So we’ve been married for eleven years, but I believe that our future days…and the ones after we are no longer on this earth…are days of you and me.
I believe 
And I believe cause I can see 
Our future days 
Days of you an me 
You and me
Days,…
You and me

Happy anniversary, my love. I’m sorry I forgot to buy a card.

future days

*Lyrics from the song “Future Days” by Pearl Jam

Testimony

In 2009, without much pomp or circumstance, I made profession of faith. I’m not sure anybody even noticed because I did it in conjunction with Eddie being baptized. It was a requirement for baptism that both Cortney and I were members of our church. Because I had not yet made profession of faith in any church, I needed to do so to be an official member. So we just added that in to all the other “will you…” stuff that is asked before the water is officially sprinkled on the baby. I was thirty-one years old.

005

If I am honest, I only did it because I wanted my baby to be baptized and because I was cool with being an official member of our church. I really didn’t have any of my questions answered that had been swirling around since I was in middle school. In fact, I am not sure why it was even important to me to have Eddie baptized other than it was tradition and I knew I didn’t want to deal with what our parents would say if we didn’t do it. Great reasons, I know.

I was brought up in the church. In fact, my childhood church is across the street from the church my family now attends. My town is small and there are somewhere around a million churches in it. The joke is that there is a church on every corner, and it’s based in a bit of reality. Growing up, if we made a new friend, the first question our parents asked was, “who are their parents?” followed by “what church do they go to?”

Church was not a bad experience for me though. I met my best friend through Sunday School when we were very small. She likes to joke that I scared her back then, but she scares me now. The truth is, some of my best memories are from church-related things; I had lots of fun experiences, but I wouldn’t say any of them were life-changing in the spiritual department.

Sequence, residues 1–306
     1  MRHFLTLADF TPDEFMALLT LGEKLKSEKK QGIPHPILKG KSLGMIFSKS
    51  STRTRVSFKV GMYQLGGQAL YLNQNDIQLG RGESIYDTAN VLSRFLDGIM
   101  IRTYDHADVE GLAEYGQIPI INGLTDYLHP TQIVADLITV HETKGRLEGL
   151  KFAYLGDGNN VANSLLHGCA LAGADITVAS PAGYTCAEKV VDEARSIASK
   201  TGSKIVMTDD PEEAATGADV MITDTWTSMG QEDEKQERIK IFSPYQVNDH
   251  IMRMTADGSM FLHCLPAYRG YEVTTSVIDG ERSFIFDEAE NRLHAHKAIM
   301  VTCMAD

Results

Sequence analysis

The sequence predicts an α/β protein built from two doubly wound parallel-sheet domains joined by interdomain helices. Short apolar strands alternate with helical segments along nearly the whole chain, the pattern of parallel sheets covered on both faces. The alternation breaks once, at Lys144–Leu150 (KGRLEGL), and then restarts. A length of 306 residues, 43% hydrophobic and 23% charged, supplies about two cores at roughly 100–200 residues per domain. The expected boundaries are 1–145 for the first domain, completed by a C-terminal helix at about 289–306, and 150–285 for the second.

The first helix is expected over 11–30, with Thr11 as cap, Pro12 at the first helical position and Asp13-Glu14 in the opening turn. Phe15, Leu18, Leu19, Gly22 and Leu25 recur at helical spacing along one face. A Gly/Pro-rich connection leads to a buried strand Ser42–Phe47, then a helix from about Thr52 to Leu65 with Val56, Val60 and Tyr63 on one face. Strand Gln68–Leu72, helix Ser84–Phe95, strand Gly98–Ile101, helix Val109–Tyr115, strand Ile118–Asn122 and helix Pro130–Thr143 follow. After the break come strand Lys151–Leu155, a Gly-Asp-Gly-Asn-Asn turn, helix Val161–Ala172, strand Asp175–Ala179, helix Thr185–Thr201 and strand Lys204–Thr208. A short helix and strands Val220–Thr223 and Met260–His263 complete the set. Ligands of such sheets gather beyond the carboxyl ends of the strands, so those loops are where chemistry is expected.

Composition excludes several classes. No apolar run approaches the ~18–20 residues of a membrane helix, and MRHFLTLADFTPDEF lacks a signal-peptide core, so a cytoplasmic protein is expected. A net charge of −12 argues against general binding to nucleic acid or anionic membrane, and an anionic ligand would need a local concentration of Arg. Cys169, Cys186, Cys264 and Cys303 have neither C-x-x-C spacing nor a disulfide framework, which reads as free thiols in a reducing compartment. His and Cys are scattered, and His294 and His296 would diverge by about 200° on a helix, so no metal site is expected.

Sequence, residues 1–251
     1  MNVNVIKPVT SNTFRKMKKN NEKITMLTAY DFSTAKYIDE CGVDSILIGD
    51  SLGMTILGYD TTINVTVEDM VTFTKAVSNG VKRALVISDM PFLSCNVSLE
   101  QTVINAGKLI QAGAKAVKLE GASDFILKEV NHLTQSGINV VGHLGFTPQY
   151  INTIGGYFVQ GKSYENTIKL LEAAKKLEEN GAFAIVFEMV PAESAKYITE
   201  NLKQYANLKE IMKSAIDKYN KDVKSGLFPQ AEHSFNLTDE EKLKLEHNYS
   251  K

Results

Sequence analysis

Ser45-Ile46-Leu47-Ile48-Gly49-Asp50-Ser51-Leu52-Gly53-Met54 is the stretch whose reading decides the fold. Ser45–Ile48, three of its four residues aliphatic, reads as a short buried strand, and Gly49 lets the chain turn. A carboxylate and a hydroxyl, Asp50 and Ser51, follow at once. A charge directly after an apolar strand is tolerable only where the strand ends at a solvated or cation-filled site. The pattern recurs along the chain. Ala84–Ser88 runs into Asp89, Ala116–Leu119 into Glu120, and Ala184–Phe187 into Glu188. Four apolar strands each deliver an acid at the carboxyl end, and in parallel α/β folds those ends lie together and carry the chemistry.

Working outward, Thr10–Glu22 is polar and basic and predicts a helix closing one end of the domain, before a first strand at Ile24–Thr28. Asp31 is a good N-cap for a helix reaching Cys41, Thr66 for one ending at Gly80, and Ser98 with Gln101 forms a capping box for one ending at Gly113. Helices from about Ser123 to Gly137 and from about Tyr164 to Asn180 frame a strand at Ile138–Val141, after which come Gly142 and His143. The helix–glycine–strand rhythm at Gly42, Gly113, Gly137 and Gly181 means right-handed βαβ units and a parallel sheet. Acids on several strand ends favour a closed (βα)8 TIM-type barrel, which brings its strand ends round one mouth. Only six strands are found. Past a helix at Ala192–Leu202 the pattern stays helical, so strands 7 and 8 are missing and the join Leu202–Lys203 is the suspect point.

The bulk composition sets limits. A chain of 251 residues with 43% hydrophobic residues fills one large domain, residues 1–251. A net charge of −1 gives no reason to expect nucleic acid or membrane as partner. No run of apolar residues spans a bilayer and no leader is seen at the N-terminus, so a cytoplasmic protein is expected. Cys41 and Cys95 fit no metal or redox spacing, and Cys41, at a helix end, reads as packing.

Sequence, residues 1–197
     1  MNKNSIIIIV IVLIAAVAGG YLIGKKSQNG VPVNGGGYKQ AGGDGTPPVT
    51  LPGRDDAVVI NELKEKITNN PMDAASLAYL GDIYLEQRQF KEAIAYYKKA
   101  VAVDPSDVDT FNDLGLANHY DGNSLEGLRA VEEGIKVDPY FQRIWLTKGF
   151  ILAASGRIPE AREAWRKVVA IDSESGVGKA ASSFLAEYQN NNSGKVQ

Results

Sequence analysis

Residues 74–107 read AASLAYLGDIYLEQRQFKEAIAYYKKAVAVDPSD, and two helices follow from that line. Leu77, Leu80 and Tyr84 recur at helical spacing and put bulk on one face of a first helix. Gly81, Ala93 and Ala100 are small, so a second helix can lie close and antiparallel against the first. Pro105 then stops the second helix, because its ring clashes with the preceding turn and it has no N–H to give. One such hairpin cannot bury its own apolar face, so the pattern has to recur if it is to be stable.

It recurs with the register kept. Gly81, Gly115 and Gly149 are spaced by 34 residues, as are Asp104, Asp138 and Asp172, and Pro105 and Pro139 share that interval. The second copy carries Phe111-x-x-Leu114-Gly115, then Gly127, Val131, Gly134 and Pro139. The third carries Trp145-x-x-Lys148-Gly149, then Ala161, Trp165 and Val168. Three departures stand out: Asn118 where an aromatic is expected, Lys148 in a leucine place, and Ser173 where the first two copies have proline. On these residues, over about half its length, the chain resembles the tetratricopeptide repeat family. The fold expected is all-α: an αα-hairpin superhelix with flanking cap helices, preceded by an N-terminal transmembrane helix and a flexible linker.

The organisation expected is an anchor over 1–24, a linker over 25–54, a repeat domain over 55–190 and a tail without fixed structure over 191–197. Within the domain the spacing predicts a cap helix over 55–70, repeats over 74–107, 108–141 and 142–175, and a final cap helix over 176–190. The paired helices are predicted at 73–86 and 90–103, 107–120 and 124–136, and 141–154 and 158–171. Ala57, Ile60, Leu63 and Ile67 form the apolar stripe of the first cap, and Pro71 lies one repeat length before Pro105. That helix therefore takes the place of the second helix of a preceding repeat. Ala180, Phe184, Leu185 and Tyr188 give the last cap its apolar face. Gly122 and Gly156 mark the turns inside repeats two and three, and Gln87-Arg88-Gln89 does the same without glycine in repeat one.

My family was in church ever Sunday morning for the 8:30am service. We sat in the pew in the same order: me all the way to the middle, mom, Mike (my youngest brother), dad, and Chris (my younger brother) on the aisle. There were some years where my dad was a deacon and we sat in the “reserved” bench. We were always there.

We were also always in Sunday School. All of us. Our church offered classes for every single age, so we all went. Most weeks we even went back to church for the evening service.

Wednesday night was also for church. In elementary school, I did choir and catechism class. In middle and high school I had youth group. I participated in skits and other dramas when I was in high school, I went on retreats and mission trips. I did fun nights and scavenger hunts and ice cream socials.

The one thing I didn’t do was follow the rest of my peers and make profession of faith. Church was fun, but the actual religious part of it…the part where I was expected to feel moved by God…didn’t happen for me.

I credit those years for laying a foundation of good morals and the desire to put kindness into the world. I believe my religious upbringing definitely aided in my perception of my self-worth and self-respect.

However I don’t think I ever felt a strong, unflinching belief that I thought I should be feeling. I never felt the same blind faith that my parents seemed to feel. I had way WAY too many questions.